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How does your whisky taste?
07 October 2013
BioMed Central Limited
Manipulating people’s senses with environmental triggers can have a significant effect on the taste of whisky. An experiment, published in BioMed Central’s open access journal Flavour, reveals that participants’ ratings of the smell, taste and flavour of a whisky changed by ten to twenty percent depending on the environment they were drinking it in. These results have implications on the environments where people consume food and drink.
Charles Spence, Professor of Experimental Psychology at the University of Oxford, and sound designers Condiment Junkie, conducted an experiment that examined how changing what people saw, heard, and smelled affected how they tasted whisky. Their results add to the literature demonstrates how changes in the environment can affect how people experience food and drink.
During a whisky tasting event, participants were asked to sample a whisky in three different rooms. Each room had a unique visual appearance, soundscape, fragrance, and feel which was designed to emphasize a different attribute of the whisky; its grassiness, sweetness, or woodiness. The experiment assessed how these different environments influenced the participant’s perceptions of these different attributes.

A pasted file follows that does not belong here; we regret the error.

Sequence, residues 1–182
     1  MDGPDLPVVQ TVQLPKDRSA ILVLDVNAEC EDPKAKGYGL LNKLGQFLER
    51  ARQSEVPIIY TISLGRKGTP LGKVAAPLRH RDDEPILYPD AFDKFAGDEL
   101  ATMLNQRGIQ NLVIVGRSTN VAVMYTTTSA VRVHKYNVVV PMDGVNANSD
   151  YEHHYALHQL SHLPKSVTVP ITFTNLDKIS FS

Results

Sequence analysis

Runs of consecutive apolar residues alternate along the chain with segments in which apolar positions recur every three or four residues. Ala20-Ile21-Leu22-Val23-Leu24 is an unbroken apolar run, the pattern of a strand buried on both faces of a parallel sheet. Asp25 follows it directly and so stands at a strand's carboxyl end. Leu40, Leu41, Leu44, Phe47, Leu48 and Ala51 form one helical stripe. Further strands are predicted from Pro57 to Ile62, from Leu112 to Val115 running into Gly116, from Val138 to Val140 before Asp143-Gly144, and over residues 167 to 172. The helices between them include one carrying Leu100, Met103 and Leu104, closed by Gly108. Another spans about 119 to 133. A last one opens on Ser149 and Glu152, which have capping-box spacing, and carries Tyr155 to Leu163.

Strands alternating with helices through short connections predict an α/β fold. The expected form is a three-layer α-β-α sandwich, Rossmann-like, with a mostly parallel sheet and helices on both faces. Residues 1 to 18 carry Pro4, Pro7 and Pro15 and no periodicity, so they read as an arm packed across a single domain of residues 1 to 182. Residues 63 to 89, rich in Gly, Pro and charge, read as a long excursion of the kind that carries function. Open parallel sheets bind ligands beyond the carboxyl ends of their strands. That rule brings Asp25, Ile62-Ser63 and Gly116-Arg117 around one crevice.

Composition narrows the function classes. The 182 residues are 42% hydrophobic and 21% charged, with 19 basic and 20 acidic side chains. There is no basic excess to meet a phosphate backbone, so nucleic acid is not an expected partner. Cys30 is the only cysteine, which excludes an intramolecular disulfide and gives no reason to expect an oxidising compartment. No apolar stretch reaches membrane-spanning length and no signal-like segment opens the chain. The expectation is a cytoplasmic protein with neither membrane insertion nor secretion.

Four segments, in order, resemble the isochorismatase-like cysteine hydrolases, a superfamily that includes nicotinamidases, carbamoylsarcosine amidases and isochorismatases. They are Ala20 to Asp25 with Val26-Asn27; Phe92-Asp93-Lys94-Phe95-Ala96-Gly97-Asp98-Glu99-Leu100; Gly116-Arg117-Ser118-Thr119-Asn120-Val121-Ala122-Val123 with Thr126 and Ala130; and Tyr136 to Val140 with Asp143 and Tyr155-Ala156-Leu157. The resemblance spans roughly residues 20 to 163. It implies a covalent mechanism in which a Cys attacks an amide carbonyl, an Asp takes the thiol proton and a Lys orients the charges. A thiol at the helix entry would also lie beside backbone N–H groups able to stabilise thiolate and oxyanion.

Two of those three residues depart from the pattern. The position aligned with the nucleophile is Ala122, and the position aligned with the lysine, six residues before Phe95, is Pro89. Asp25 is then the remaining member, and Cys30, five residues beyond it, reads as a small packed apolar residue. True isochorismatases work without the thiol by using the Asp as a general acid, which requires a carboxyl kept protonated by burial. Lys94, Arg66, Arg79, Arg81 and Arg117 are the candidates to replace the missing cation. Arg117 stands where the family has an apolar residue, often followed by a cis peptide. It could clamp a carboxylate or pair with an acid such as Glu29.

The room that was designed to emphasise the ‘grassiness’ of the whisky had a turf floor and a soundscape recorded in a summer meadow (which included sheep ‘baa-ing’ in the background). This contrasted to the other rooms, such as the one that was designed to emphasis ‘woodiness’, which had a fragrance of cedarwood and tonka bean and a soundscape that included the sound of creaking timbers, log fires, and wood instruments.
The results showed that participants perceived the whisky as significantly ‘grassier’ in the ‘grassy’ room, sweeter in the ‘sweet’ room and having a woodier aftertaste in the ‘woody’ room. Ratings changed by as much as twenty percent between rooms.
These findings imply that there are opportunities for designing multisensory environments that enhance our experience as consumers. Charles Spence, co-author of the paper, said: ‘These results suggest that, even under realistic and noisy conditions, a change of the multisensory environment in which people drink can give rise to a very real change in their experience. They help to highlight the potential opportunity that may be associated with the design multisensory environments for complex food or drink products.’